Photo Courtesy Gavin Heffernan / Project SKYGLOW

There’s an existential beauty in the fact that everything on this Earth will eventually fall into decay; that our vibrant world is littered with the abandoned husks of past life, past ecosystems, and past civilizations. Even relics that speak to humanity’s exploitation of the natural world can take on a quiet elegance with the passage of time.

Few artists capture that elegance like Harun Mehmedinovic and Gavin Heffernan, the duo behind SKYGLOW, an ongoing effort to document starry skies around the country as they disappear due to light pollution. In their latest work, “Mojave Forsaken” the photographers trekked out to the Old West mining towns of Bodie and Rhyolite, California, and Cerro Gordo, Nevada.

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The footage they captured will most certainly mess you up. In a good way.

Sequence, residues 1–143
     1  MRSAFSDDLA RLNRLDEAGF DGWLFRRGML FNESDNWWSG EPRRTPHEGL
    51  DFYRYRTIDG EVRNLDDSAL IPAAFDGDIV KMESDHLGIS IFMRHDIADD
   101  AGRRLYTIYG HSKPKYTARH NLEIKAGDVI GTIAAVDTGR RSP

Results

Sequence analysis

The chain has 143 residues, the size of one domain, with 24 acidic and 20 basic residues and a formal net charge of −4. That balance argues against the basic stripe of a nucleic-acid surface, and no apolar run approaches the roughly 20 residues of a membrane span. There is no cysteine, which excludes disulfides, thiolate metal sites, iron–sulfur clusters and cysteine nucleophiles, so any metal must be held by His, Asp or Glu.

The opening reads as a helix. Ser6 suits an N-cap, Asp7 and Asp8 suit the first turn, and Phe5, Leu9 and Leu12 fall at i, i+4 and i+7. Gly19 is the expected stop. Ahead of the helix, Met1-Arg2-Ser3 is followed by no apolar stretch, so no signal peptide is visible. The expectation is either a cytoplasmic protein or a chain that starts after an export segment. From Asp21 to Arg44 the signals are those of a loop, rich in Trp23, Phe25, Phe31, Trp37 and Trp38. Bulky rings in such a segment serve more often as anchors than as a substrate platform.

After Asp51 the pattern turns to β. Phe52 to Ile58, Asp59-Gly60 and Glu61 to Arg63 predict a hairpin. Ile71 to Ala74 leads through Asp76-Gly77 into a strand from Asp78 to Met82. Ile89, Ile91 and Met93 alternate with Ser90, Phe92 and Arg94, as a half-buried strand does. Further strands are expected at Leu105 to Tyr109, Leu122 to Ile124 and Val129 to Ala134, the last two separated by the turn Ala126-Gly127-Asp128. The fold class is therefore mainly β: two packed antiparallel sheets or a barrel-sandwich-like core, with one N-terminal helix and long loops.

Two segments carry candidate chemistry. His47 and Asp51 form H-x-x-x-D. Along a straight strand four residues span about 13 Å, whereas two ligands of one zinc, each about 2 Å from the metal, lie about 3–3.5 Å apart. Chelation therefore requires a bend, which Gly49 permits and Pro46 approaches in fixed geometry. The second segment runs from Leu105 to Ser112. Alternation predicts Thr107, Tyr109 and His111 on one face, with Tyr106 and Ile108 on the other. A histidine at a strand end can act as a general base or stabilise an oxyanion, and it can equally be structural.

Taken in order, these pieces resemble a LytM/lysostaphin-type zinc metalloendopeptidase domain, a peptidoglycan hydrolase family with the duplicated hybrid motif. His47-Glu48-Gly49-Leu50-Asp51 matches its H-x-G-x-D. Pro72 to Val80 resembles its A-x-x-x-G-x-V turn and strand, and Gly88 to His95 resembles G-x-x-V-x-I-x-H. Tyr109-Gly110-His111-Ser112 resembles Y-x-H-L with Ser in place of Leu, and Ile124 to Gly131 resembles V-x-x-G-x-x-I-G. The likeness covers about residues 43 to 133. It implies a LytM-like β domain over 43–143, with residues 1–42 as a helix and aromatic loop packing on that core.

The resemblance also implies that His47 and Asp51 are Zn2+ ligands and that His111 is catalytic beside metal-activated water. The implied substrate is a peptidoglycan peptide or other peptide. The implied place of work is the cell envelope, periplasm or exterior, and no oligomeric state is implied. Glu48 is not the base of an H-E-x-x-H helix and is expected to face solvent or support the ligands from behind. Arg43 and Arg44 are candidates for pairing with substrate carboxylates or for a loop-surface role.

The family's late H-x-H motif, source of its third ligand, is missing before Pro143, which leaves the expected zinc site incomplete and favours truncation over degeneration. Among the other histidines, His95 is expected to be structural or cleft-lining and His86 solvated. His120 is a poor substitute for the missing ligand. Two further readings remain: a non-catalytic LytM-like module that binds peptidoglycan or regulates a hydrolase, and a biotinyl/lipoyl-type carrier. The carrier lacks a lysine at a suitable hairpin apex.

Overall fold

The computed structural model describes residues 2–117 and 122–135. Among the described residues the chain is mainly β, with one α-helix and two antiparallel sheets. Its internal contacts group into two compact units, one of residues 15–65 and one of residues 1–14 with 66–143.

According to SKYGLOW, each of the 19th and early 20th century settlements collapsed with the end of the gold rush. The ghost towns now exist in a state of “controlled decay,” managed by National Park Service, the Bureau of Land Management, or private owners. Against the dazzlingly clear skies of the southwest’s high-altitude deserts, the crumbling remnants of America’s early mining industry look like natural wonders.

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“At night, due to high elevation, clarity of the skies, and lack of sources of light pollution, these [shots] give us a glimpse of the night sky as it would have been seen by inhabitants of these towns a century ago,” Heffernan told Earther.

Honestly, this may be the first time I’ve gotten misty eyed over mining.